Safe and Sound

C-B-W SCHOOLS

Sidman, PA
5
Star Rating
Sidman, PA-based C-B-W SCHOOLS is an NCUA-insured credit union started in 1956. Regulatory filings show the credit union having assets of $106.8 million, as of December 31, 2017.

With 11 full-time employees, the credit union currently holds loans and leases worth $22.5 million. C-B-W SCHOOLS's 10,599 members currently have $75.5 million in shares with the credit union.

Overall, Bankrate believes that, as of December 31, 2017, C-B-W SCHOOLS exhibited a superior condition, earning a full 5 stars for safety and soundness. Keep reading for a breakdown of how the credit union faired on the three important criteria Bankrate used to grade U.S. credit unions on safety and soundness.

WHAT IS
SAFE AND SOUND?

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THE INSTITUTION'S SCORE

Capital Score

When it comes to measuring an institution's financial strength, capital is crucial. It works as a cushion against losses and as protection for members when a credit union is struggling financially. From a safety and soundness perspective, more capital is better.

C-B-W SCHOOLS exceeded the national average of 15.65 points on our test to measure the adequacy of a credit union's capital, receiving a score of 30 out of a possible 30 points.

C-B-W SCHOOLS's capitalization ratio of 30.00 percent in our test was better than the average for all credit unions, suggesting that it's more well prepared for financial trouble than its peers.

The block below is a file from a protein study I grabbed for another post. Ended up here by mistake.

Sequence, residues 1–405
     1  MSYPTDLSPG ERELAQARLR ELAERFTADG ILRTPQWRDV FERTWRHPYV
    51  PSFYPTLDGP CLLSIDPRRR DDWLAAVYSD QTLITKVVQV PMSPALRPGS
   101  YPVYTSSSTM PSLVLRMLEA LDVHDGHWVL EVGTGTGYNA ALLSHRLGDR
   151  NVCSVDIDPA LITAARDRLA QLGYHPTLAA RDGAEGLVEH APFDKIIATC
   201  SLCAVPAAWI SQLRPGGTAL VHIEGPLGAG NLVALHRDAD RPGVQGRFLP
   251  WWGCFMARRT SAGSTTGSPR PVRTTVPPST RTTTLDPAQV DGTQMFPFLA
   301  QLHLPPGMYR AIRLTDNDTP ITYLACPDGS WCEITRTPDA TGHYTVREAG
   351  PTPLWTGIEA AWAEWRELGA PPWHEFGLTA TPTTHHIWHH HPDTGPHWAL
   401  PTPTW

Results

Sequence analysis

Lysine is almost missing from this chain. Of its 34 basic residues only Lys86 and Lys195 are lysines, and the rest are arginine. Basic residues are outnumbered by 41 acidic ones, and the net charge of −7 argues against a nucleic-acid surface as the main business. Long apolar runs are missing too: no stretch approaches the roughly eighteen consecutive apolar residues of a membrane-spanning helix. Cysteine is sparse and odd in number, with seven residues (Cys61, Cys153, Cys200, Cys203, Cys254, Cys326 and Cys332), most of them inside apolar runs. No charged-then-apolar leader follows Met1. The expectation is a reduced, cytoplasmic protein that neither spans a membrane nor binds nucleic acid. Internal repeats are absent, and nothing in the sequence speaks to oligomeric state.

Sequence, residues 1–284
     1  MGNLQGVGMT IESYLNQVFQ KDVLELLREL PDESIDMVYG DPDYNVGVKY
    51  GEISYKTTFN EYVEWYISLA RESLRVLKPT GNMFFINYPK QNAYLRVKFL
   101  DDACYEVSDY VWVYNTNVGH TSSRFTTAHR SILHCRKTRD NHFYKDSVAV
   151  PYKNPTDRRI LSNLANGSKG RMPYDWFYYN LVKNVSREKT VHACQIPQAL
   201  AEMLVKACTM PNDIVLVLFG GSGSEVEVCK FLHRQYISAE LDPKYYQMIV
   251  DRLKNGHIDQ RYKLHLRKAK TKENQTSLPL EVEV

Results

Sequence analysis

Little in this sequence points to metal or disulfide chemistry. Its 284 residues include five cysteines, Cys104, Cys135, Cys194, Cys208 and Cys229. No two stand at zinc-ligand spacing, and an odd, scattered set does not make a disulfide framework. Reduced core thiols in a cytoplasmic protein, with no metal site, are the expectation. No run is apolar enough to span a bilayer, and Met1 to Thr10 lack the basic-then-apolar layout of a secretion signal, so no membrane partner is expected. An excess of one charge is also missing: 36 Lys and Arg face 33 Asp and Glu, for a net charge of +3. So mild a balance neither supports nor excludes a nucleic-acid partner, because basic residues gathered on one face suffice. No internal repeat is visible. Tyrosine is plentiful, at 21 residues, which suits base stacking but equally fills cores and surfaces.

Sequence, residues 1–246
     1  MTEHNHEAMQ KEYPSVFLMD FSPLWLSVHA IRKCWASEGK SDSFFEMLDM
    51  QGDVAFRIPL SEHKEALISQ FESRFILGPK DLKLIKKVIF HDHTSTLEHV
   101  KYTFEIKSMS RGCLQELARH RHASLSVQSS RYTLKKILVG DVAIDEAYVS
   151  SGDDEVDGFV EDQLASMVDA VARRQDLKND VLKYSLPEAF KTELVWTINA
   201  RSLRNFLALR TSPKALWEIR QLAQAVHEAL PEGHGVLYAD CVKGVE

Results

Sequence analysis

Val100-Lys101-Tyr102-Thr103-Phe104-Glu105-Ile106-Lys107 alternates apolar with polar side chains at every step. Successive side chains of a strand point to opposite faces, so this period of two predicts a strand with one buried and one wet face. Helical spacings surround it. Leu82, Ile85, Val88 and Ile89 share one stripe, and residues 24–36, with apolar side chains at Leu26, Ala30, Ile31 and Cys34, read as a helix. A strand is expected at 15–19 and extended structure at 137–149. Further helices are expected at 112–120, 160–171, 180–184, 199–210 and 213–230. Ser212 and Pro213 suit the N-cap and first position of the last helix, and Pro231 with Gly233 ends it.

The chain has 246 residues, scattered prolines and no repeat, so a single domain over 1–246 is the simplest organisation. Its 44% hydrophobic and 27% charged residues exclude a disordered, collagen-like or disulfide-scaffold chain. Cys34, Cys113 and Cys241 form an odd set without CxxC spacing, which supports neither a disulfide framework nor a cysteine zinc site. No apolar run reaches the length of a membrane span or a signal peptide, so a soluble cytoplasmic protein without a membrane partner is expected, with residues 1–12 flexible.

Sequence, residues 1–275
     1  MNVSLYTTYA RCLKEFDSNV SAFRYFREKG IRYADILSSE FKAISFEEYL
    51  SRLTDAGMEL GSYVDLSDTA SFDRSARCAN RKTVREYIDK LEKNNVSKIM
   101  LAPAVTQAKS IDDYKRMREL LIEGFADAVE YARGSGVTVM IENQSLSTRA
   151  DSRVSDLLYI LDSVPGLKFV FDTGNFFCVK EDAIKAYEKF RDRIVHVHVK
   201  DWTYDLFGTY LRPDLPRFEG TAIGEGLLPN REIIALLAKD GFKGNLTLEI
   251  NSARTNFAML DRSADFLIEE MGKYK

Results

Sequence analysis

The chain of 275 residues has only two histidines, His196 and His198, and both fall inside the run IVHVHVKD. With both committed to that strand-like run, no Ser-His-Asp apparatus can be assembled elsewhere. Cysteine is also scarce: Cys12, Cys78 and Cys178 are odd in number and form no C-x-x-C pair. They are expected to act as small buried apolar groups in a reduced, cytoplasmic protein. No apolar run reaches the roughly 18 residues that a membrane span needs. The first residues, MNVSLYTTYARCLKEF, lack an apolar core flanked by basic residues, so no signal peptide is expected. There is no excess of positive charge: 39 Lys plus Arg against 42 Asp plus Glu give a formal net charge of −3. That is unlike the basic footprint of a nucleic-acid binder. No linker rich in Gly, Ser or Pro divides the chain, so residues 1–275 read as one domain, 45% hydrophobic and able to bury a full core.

Asset Quality Score

This test is intended to estimate how the credit union's capitalization and allocated loan loss reserves could be affected by troubled assets, such as past-due mortgages.

A credit union with extensive holdings of these types of assets may eventually be forced to use capital to absorb losses, decreasing its equity buffer. It also means that there are likely to be many assets that are in non-accrual status and no longer earning interest for the credit union, resulting in lower earnings and potentially more risk of a failure in the future.

C-B-W SCHOOLS scored 40 out of a possible 40 points on Bankrate's test of asset quality, beating out the national average of 38.09.

The credit union's ratio of troubled assets was 0.00 percent in our test, less than the national average and suggestive of greater financial strength than other credit unions.

Earnings score

How successful a credit union is at making money has an effect on its safety and soundness. A credit union can retain its earnings, expanding its capital buffer, or use them to address problematic loans, potentially making the credit union better prepared to withstand financial trouble. Losses, on the other hand, reduce a credit union's ability to do those things.

On Bankrate's earnings test, C-B-W SCHOOLS scored 6 out of a possible 30, lower than the national average of 10.11.

One sign that the credit union is beating its peers in this area was its earnings ratio of 0.00 percent in our test, above the average for all credit unions.

WHAT IS SAFE & SOUND?

Bankrate.com's Safe & Sound Ratings provide a star rating system to evaluate the current financial status of financial institutions. The information gathered about banks, credit unions and thrifts is updated as set forth in the Terms of Use of Safe & Sound Ratings and Reports. The Safe & Sound Ratings information is grouped by categories of banks, thrifts and credit unions.

Scoring methodology

Bankrate.com evaluates the financial condition of institutions and assigns a one- to five-star rating for each with five stars representing the highest rating. Institutions with satisfactory performance will generally receive a rating of three or more stars. The majority of institutions fall into the three- to four-star range. An institution with an "NR" rating may be too new to rate or may have limited the publicly available information in their regulatory filings. The "NR" is not an indication of financial strength or weakness. The Safe & Sound rating is believed to be reliable, but the information is not guaranteed. In addition, events since the information was collected may have altered the institution's financial condition.